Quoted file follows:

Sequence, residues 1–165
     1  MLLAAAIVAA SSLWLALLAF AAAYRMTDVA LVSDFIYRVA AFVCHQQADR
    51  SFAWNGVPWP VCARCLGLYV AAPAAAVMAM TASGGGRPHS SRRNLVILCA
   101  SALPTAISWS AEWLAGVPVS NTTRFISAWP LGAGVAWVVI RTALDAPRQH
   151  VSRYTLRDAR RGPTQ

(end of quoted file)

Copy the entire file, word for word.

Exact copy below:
Sequence, residues 1–165
     1  MLLAAAIVAA SSLWLALLAF AAAYRMTDVA LVSDFIYRVA AFVCHQQADR
    51  SFAWNGVPWP VCARCLGLYV AAPAAAVMAM TASGGGRPHS SRRNLVILCA
   101  SALPTAISWS AEWLAGVPVS NTTRFISAWP LGAGVAWVVI RTALDAPRQH
   151  VSRYTLRDAR RGPTQ